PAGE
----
From Harvard he went to Cambridge University in England, where he worked in atomic physics with Lord Rutherford (who proposed the nuclear structure of the atom, discovered alpha and beta rays, and proposed the laws of radioactive decay. Note: I have used the capsule summaries (in parentheses) of each person’s contributions drawn from Science History Institute ). Oppenheimer then went on to Georg-August-Universitat in Gottingen, Germany, to work on the quantum theory of atomic structure under Max Born (wave function determines particle point in space at a specific moment in time). He received his PhD there at age 22. He published many important papers on quantum theory, including the ground-breaking “Born-Oppenheimer approximation,” which separates nuclear motion from electronic motion in the mathematical treatment of molecules. In 1927, he returned to Harvard to study mathematical physics, and in 1928, at age 24, became assistant professor in physics at the University of California, Berkeley. He spent the next 13 years as professor there and at CalTech. He also spoke eight languages fluently and was an expert in baroque and classical music.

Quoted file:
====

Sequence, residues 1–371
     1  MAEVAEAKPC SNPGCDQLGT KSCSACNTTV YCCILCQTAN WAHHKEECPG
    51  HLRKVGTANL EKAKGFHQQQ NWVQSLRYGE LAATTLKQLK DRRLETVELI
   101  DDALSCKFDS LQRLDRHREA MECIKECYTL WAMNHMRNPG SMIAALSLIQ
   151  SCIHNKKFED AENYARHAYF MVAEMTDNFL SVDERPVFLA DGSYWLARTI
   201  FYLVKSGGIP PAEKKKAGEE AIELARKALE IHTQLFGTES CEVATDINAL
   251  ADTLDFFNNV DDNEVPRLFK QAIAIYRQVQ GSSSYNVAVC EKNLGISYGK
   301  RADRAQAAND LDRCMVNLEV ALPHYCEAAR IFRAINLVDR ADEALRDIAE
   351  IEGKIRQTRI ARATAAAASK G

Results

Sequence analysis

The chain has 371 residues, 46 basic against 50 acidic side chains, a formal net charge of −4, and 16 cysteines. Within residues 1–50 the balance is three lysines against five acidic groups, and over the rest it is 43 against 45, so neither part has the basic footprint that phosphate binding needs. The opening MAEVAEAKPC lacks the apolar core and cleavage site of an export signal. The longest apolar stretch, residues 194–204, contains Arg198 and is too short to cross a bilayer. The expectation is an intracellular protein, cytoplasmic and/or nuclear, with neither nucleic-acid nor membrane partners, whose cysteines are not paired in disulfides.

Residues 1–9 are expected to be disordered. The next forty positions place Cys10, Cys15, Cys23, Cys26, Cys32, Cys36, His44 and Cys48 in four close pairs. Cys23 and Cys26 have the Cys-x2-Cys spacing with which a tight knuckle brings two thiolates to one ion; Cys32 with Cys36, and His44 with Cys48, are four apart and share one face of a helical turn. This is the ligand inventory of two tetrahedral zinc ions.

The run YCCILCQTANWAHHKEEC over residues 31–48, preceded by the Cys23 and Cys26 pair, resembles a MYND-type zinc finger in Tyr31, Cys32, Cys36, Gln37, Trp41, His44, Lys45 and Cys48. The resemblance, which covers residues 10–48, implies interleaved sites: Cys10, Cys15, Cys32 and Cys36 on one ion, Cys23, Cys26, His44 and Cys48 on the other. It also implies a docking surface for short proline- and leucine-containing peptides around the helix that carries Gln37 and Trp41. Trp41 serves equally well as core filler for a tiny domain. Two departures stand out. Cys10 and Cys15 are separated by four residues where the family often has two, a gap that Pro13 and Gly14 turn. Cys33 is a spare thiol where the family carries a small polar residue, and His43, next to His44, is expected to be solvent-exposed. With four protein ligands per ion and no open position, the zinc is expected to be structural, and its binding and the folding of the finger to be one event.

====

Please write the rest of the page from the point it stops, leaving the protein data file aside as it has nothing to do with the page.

Head of the Atomic Bomb Project
In 1941, Nobel prize winner Arthur H. Compton (reflection of X-rays and their complete polarization to determine the number of electrons in an atom) recruited Oppenheimer into the two-billion-dollar atomic project. Oppenheimer convinced Dr. Compton and the military that the only way to do this was to bring the world’s best scientists to live and work together in one community, so he was appointed director of the Manhattan Project at Los Alamos, New Mexico. He was incredibly efficient. He traveled all over the country and persuaded more than 4000 brilliant scientists to join the project, including Dr. Enrico Fermi and Dr. Niels Bohr, two of the greatest physicists in the world. In two years, Oppenheimer coordinated the work to make and explode the atomic bomb. He worked day and night, involving himself in nearly every experiment, seminar, and meeting. He and his fellow scientists would then often move to his apartment to continue planning and discussing late into the night. His weight dropped, his marriage became contentious, and his colleagues reported that he seemed to survive on coffee, martinis, and cigarettes alone. He drank huge amounts of martinis that he made with a small amount of vermouth, lime and honey. He often smoked instead of eating and his weight dropped to 115 pounds (he was six feet tall).
After the Explosion of the First Atomic Bomb